The recipe for this came from Campbell's.

Serves 6


4 C. Cooked Green Beans
1 Can Condensed Cream of Mushroom Soup
1/2 C. Milk
1 Tsp. Soy Sauce
1 C. French Fried Onions, divided


~Wash beans and snip the ends off.
~Boil beans until tender in a pot of water, then drain
~In a medium bowl, combine the soup, milk, soy sauce and pepper to taste. Stir.
~Mix in 2/3 C. of the onions and the beans.
~Spoon mixture into a greased 1 1/2 quart casserole dish.
~Bake in the oven at 350 F until mixture is bubbling (20-25 minutes).
~Sprinkle with remaining onions and return to oven for 2-5 minutes (watching that it doesn't begin to burn).


Monday, 29 October 2012


So, we had a few tomatoes on our hands. Our plants did really well this year and typically we only get cherry tomatoes. But this year we decided to grow some beefsteaks and romas. It was perfect, they all ripened at very different times, so we didn't have an overload all at once throughout the summer. But by October the frost was getting heavier and the romas still hadn't ripened so we pulled them inside. All of a sudden, they all ripened at once so we knew we had to do something. So salsa was the answer.

Now, I've never canned. My mom hasn't canned in over 20 years, but we decided to give it a go. She pulled out all the jars and rings and such that I never knew she even had and I got the joy of dumping out dust / bugs / and growing things out of jars that had sat in the crawl space for 10 years and in the garage for 10 years after that. It really makes me thankful for the dishwasher, as I know they were properly sanitized before we put any food in them.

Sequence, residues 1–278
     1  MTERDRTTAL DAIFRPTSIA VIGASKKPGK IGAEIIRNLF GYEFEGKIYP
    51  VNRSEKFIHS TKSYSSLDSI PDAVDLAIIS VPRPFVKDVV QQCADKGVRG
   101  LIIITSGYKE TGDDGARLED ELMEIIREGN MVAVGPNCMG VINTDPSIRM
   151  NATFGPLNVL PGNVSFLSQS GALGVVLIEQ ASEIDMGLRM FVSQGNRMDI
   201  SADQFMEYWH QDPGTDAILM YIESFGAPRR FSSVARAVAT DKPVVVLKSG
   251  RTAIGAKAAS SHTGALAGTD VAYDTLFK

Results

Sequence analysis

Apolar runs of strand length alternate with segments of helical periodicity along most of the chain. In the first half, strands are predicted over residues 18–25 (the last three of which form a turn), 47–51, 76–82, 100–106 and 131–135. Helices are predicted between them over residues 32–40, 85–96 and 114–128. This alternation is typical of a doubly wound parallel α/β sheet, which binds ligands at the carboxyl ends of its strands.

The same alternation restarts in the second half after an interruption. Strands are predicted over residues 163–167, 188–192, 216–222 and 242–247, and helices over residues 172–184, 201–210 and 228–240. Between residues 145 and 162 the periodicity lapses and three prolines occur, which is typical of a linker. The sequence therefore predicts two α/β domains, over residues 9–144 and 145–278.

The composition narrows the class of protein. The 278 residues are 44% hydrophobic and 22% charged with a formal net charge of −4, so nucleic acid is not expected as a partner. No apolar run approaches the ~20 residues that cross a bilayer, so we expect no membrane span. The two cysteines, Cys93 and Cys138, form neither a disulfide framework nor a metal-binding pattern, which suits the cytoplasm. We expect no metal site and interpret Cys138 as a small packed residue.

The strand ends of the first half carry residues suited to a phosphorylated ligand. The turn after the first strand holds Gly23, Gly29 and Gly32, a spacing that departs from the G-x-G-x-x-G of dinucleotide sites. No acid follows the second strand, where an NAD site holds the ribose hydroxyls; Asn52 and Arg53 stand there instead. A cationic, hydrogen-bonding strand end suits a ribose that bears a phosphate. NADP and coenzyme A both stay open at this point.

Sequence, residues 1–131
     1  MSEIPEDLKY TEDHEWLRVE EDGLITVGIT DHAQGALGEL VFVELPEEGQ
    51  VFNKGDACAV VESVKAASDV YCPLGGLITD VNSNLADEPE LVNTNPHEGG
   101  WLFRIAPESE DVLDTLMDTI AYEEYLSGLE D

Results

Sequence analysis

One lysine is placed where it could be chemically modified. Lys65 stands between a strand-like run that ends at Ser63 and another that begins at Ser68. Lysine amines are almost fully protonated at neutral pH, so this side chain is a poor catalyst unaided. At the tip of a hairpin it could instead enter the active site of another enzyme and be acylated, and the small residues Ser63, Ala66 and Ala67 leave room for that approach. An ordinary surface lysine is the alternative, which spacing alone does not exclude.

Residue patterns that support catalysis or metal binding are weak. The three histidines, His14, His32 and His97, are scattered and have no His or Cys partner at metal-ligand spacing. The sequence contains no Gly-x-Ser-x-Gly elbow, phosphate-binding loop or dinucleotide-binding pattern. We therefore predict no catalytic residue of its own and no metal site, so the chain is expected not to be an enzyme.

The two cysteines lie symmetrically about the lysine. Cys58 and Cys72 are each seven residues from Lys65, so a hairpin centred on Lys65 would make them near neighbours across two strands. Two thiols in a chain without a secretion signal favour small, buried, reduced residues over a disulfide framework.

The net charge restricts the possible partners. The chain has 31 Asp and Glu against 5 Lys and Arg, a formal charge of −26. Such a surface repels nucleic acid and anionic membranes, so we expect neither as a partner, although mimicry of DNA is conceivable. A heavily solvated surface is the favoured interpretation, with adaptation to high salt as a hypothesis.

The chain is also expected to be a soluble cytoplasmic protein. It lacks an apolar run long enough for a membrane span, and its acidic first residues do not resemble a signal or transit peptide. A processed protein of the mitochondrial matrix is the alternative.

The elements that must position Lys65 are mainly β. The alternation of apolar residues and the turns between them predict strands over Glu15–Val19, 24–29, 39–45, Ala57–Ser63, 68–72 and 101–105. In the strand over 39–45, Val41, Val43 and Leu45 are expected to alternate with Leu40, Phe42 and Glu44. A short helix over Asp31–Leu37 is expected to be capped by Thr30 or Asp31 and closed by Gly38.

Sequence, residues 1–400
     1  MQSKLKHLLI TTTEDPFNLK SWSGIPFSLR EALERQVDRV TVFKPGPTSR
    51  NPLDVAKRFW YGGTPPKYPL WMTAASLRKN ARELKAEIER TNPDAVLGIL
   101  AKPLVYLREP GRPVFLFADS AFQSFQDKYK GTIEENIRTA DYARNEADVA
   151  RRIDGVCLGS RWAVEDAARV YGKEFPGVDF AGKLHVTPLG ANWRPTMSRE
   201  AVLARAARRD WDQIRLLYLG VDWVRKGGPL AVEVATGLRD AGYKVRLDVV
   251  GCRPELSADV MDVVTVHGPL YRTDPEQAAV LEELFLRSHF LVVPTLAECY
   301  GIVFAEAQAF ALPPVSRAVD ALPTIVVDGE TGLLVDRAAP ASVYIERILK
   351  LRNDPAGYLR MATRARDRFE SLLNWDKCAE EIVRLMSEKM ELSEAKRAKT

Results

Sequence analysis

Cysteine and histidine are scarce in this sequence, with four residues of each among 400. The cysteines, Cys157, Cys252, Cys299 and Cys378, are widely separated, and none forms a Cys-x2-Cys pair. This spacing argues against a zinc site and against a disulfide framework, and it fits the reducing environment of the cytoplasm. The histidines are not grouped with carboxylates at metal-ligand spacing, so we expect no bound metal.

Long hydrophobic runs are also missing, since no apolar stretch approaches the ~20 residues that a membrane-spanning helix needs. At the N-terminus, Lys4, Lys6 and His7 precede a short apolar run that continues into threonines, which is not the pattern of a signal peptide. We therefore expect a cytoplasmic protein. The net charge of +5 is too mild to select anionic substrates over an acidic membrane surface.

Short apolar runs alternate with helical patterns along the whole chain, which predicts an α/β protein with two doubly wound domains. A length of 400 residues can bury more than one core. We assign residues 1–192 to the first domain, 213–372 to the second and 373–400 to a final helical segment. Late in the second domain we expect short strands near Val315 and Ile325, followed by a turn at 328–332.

That was the easy part though. The salsa was pretty basic to make as well (as long as you have a food processor), it was the actual canning that got interesting. My mom it turns out couldn't remember what to do, so within about 30 minutes we had to phone my Grandma 3 times, because even though she's not a big canner, she does make antipasta with a group of ladies every summer. So, she had a better idea than we did. Anyway, after the 3rd phone call we thought we had it figured out (I know, I could have just looked up online what to do, but I was seriously trying to get the tomato to pepper ratio just right and the canning was supposed to be my mom's job). Not much time after we hung up from the 3rd call, a knock came on the door and my Grandma wanders in. I think she figured it out that we had no idea what we were doing.

In the end, every single one of the 19 jars of salsa sealed, which I count as a success. Plus, the salsa tasted pretty darn good (although it does have a bit of a kick to it). The recipe I'm sharing is what I concluded after about 4 separate batches to be the best tasting ratios of ingredients for heat and consistency. Because I made so many batches I got 19 jars out of it. The recipe below makes about 3 jars, so adjust accordingly for how many tomatoes you have / how many jars you want.

One thing I really liked about this salsa was the depth of the flavours involved. Most salsa has just one flavour. You taste it on first bite and it's the same while swallowing and the aftertaste is the same as well. Well, this salsa is very different. You first taste tomato, then the salt comes in and finally after you swallow you actually taste the spice. Very unique.

I adapted the recipe from Frontera Fiesta.